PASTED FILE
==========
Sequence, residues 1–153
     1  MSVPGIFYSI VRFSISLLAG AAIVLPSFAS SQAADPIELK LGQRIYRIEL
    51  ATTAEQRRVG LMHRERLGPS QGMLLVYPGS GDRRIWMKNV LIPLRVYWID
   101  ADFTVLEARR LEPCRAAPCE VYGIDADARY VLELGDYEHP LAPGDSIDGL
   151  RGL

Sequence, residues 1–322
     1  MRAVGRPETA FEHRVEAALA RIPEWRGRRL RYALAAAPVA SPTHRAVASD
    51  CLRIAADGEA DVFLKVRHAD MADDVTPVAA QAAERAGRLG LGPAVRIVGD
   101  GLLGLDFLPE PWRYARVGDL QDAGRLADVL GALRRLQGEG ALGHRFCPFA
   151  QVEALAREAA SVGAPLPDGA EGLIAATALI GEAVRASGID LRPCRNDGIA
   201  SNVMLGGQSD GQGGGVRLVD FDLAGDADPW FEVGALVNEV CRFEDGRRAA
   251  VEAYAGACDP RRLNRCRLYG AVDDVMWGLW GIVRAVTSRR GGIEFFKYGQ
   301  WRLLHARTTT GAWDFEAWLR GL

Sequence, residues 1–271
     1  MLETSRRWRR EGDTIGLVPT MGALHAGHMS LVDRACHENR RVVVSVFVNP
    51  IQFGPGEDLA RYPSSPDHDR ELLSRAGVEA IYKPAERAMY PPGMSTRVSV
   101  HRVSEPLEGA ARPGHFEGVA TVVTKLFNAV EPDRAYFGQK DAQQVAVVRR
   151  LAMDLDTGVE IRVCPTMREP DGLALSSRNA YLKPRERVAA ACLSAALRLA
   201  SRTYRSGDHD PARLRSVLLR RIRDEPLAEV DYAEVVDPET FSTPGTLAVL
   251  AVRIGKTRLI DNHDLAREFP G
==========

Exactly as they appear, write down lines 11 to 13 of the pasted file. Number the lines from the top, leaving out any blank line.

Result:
   201  SNVMLGGQSD GQGGGVRLVD FDLAGDADPW FEVGALVNEV CRFEDGRRAA
   251  VEAYAGACDP RRLNRCRLYG AVDDVMWGLW GIVRAVTSRR GGIEFFKYGQ
   301  WRLLHARTTT GAWDFEAWLR GL